When Paolo Gentiloni became premier, Renzi put enormous pressure on him to appoint Maria Elena Boschi as his undersecretary. In this role, she is meant to display primary loyalty to the current prime minister (Gentiloni), not the previous one (Renzi). Disgracefully, Maria Elena not only knew of the anti-Visco motion in advance, and withheld this information from Gentiloni, but she actually played a key role in drafting it. This treachery initially created serious problems for Gentiloni in relation to both Matarella and Padoan, who angrily but wrongly assumed that the premier had been kept informed of the PD’s plans and hidden them from the president and his own finance minister.
Although Gentiloni has been forced to declare his full confidence in Boschi (and, according to press reports, managed to work with her on the budget late into the night, without giving any sign of the anger he undoubtedly feels) and Renzi has publicly denied his own leading role in the whole affair, it is hardly surprising that the prime minister’s relationship with his party leader has soured.
The shameless Boschi saw no objection to her attending the cabinet meeting that would discuss whether or not Visco’s appointment would go ahead, but on October 27 she claimed that influenza prevented her attending. It was also noteworthy that three other pro-Renzi ministers (Luca Lotti, Graziano Delrio and Maurizio Martina) also claimed that either illness or previous engagements prevented them attending the cabinet meeting that finalised Visco’s appointment.
The behaviour of the whole shady cabal surrounding Renzi - the so-called Giglio Magico (Magic Lily) - has played straight into the hands of M5S and done the PD no good whatsoever. Predictably, M5S candidate for premier Luigi di Maio has challenged Boschi to debate with him in the presence of the defrauded small savers in front of the headquarters of the Banca Etruria in Arezzo.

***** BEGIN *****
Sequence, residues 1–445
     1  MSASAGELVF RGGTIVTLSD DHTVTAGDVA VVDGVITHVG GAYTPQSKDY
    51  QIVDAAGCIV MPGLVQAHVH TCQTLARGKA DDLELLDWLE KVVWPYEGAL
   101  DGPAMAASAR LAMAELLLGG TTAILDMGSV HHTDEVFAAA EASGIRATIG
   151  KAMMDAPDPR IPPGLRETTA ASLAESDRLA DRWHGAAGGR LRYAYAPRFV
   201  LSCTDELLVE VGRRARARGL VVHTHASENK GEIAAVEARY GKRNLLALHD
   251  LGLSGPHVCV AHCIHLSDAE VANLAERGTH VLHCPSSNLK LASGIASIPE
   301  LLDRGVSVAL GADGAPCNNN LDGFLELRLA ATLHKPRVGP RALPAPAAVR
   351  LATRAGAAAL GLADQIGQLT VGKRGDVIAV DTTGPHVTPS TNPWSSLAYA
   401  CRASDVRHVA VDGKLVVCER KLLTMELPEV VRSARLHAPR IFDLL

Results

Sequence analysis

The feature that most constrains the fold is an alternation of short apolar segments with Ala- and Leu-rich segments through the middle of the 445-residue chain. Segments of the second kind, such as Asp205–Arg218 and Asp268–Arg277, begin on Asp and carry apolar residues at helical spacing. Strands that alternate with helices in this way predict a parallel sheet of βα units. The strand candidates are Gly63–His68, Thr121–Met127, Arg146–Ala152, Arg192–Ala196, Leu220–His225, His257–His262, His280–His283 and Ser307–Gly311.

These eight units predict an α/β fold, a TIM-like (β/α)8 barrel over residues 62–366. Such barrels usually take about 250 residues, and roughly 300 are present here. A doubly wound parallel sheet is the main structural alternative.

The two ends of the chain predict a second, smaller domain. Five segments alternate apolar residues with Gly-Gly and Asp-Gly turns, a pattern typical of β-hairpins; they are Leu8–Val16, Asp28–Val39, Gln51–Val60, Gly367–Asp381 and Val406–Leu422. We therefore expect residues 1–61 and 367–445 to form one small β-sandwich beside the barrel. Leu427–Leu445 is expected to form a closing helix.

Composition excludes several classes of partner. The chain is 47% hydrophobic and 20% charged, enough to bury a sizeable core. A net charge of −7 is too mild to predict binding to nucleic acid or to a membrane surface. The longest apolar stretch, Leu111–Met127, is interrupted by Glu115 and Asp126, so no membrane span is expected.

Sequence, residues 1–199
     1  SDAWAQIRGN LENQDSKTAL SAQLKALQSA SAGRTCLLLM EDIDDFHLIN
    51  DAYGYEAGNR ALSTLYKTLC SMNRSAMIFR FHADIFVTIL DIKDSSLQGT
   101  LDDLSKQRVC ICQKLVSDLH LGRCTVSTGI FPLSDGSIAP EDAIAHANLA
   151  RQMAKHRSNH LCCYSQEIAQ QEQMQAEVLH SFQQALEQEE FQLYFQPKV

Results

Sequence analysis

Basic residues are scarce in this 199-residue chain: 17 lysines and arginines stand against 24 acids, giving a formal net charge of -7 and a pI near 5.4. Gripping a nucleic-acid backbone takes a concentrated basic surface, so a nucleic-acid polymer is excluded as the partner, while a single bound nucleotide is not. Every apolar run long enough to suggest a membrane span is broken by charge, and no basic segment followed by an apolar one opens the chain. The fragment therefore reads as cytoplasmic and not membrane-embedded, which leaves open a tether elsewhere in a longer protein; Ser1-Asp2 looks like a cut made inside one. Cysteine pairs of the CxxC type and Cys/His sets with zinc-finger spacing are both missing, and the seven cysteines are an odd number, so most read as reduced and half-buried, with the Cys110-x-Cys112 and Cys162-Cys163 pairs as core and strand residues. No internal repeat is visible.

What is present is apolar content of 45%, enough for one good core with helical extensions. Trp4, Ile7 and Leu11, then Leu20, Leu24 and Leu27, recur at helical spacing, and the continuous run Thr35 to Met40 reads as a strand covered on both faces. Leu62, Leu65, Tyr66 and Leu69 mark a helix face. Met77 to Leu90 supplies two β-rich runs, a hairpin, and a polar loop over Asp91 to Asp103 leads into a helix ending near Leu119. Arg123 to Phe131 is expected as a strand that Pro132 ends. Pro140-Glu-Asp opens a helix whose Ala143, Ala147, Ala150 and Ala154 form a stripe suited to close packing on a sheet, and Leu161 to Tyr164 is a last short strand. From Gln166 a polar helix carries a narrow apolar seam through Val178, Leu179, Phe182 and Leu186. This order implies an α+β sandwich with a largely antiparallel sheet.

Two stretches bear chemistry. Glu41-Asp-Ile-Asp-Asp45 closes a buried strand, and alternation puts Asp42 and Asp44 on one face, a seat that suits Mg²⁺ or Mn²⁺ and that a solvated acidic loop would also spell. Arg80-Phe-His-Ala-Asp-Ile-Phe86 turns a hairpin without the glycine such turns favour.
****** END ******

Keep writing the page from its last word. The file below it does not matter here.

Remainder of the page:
1. This law is named after Ettore Rosato, the PD parliamentarian in whose name it was moved, although in reality it was the outcome of secret negotiations between Renzi and other party leaders. Seats will be divided into roughly one-third ‘first past the post’, electing a single member; and two-thirds small, multi-member constituencies elected by proportional representation. It is undoubtedly designed to penalise Beppe Grillo’s Movimento 5 Stelle (M5S - Five Star Movement). The bill was finally passed on October 26, with 214 in favour, 61 against and 22 abstentions.
2. This is not just because prolonged discussion would enable the PD’s left critics in the Movimento Progressista e Democratico (MDP) and Sinistra Italiana(SI) to attack its neoliberal economic policy, but also because a failure to pass the budget within a reasonable time limit (ie, before Christmas) could revive suspicions about Italy’s financial stability on the part of the Germans, the Dutch and other northern European advocates of austerity within the euro zone.
3. Finocchiaro did her best to persuade deputies that she had managed to water down the motion, and that in this revised form it was no longer as offensive as the original draft.
4. It was probably no coincidence that on the very day of Renzi’s offensive against Visco, Moody’s credit rating agency issued a warning about Italian banks and their holdings of non-performing loans (NPL). Moody’s claimed Italy had €349 billion in NPL at the end of 2016 - 17.3% of all Italian bank loans - compared with the European average of 5.1%.
5. The German, Austrian and Czech election results have revived fears about a populist wave that had been partially quelled by the victories of Rutter in the Netherlands and Macron in France. It is, of course, no accident that the Financial Times has covered M5S in far greater detail than The Guardian.
6. Berlusconi’s claims that he could restrain the desire of his much younger Lega Nord ally, Matteo Salvini, to ditch the euro, or radically alter European treaties, seems to have been treated with some scepticism within the European Union. The opinion polls for the Sicilian regional elections, in which a Berlusconi-endorsed neo-fascist is narrowly ahead of the M5S candidate, are hardly likely to reassure Angela Merkel or Emanuel Macron either.
7. La Repubblica October 20.
8. MPS was very clearly on a downward trajectory long before January 2016, so it is unlikely that Renzi, who has always had well-informed contacts in business circles, especially those in Tuscany, was giving his advice in good faith.